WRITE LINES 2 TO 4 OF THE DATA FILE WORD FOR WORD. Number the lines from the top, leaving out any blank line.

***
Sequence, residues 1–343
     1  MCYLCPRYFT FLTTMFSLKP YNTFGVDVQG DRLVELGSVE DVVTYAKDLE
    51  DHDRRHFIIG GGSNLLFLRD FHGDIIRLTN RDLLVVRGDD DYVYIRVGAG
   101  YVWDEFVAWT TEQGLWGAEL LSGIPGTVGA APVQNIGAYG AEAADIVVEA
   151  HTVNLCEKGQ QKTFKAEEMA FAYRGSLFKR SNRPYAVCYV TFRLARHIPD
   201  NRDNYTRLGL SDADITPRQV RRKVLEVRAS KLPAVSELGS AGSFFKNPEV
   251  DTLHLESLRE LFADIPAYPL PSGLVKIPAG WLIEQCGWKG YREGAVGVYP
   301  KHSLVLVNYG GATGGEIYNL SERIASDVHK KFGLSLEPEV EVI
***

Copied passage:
     1  MCYLCPRYFT FLTTMFSLKP YNTFGVDVQG DRLVELGSVE DVVTYAKDLE
    51  DHDRRHFIIG GGSNLLFLRD FHGDIIRLTN RDLLVVRGDD DYVYIRVGAG
   101  YVWDEFVAWT TEQGLWGAEL LSGIPGTVGA APVQNIGAYG AEAADIVVEA